Abstract and Introduction
Objective: This trial assessed the feasibility, safety, and potential to induce remission of a short-term intensive metabolic strategy.
Design: A randomized, parallel, open-label pilot trial with 83 participants followed for 52 weeks.
Setting: Ambulatory care.
Participants: Patients with type 2 diabetes of up to 3 years in duration.
Interventions: Participants were randomized to: (1) an 8-week intensive metabolic intervention, (2) a 16-week intensive metabolic intervention, or (3) standard diabetes care. During the intensive intervention period, weight loss and normoglycemia were targeted using lifestyle approaches and treatment with metformin, acarbose, and insulin glargine. Diabetes drugs were then discontinued in the intervention groups and participants were followed for hyperglycemic relapse.
Primary Outcome: On-treatment normoglycemia.
Results: At 8 weeks, 50.0% of the 8-week intervention group vs 3.6% of controls achieved normoglycemia on therapy [relative risk (RR), 14.0; 95% confidence interval (CI), 1.97 to 99.38), and at 16 weeks, these percentages were 70.4% in the 16-week group and 3.6% in controls (RR, 19.7; 95% CI, 2.83 to 137.13). Twelve weeks after completion of the intervention, 21.4% of the 8-week group compared with 10.7% of controls (RR, 2.00; 95% CI, 0.55 to 7.22) and 40.7% of the 16-week group compared with 14.3% of controls (RR, 2.85; 95% CI, 1.03 to 7.87) met hemoglobin A1C criteria for complete or partial diabetes remission.
Conclusions: A short course of intensive lifestyle and drug therapy achieves on-treatment normoglycemia and promotes sustained weight loss. It may also achieve prolonged, drug-free diabetes remission and strongly supports ongoing studies of novel medical regimens targeting remission.
Type 2 diabetes is typically treated using lifestyle approaches and a stepwise addition of oral and injectable medications. Such regimens lose effectiveness with time due to disease progression and difficulty adhering to lifestyle changes and multiple drug combinations. For the patient, this means that a diagnosis of diabetes is the first step on the path of chronic, increasingly complex therapeutic regimens. Recent data suggest that this may not be inevitable and that diabetes may be partially or even completely reversed, at least in some patients. For example, short-term intensive insulin therapy,[1–12] oral diabetes drugs,[9–11] intensive lifestyle therapy,[13–15] a low-carbohydrate Mediterranean diet, or a very-low-calorie diet can reverse diabetes in up to 40% of patients, and bariatric surgery can induce diabetes remission in up to 95% of patients.[18–23] These data highlight the importance of considering and testing alternative treatment paradigms for type 2 diabetes that focus on reversing the disease rather than simply controlling progressive hyperglycemia. They also suggest that achieving normoglycemia on therapy using one or more approaches may be an important component of any remission strategy. We therefore conducted a pilot trial to determine whether a short-term intensive metabolic approach that targeted fasting and postprandial normoglycemia and weight loss using a combination of pharmacological and lifestyle approaches was feasible and safe, and whether it showed the potential to induce sustained diabetes remission.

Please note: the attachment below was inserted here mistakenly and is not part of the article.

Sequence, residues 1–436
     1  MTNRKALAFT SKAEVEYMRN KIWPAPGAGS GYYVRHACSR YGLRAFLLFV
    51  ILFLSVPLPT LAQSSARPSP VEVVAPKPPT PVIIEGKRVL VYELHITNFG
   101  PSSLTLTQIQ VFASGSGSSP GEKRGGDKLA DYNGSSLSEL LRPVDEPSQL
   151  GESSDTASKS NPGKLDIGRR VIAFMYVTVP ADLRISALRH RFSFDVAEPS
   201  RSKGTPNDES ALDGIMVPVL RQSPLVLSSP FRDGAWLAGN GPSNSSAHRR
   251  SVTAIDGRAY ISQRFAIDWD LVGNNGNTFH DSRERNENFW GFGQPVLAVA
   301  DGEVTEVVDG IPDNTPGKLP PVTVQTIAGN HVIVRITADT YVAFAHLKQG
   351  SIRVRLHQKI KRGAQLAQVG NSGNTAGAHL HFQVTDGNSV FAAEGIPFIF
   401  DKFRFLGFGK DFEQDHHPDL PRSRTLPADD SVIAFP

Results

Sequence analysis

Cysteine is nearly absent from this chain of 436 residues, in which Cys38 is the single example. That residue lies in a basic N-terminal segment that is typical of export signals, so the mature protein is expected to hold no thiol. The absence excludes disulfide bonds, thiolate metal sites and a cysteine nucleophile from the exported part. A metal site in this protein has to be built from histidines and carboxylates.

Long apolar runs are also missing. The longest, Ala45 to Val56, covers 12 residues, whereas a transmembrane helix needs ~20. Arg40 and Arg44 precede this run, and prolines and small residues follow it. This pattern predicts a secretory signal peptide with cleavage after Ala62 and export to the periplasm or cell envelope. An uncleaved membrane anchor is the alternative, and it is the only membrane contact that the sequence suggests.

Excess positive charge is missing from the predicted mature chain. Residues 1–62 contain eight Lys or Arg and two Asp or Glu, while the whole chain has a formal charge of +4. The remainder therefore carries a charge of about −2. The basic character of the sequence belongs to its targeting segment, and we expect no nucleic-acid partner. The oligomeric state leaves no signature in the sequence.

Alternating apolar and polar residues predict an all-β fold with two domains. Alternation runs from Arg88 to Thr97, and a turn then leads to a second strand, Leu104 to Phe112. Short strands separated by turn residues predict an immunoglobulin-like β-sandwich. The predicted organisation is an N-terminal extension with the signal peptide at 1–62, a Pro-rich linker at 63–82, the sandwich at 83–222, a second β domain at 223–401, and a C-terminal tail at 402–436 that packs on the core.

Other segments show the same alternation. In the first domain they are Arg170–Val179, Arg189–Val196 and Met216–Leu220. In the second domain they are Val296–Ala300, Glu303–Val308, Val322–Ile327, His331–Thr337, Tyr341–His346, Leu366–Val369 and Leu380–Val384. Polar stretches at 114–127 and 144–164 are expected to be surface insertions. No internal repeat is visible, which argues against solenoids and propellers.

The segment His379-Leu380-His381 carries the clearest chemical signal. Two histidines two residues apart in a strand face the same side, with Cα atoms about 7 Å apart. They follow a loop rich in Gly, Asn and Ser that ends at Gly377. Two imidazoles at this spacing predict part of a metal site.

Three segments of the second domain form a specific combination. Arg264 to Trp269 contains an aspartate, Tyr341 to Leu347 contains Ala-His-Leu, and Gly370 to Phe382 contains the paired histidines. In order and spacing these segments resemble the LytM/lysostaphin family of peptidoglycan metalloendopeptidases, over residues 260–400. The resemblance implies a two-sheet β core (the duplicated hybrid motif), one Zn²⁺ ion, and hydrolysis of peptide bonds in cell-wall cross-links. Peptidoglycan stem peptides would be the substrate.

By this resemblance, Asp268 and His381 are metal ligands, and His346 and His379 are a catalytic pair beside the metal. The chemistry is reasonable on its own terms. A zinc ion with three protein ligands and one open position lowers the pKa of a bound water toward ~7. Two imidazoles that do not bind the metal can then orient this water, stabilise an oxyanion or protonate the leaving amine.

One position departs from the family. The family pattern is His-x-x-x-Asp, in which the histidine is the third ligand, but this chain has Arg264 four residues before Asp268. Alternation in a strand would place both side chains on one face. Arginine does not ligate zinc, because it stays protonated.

J Clin Endocrinol Metab. 2017;102(5):1596-1605. © 2017 Endocrine Society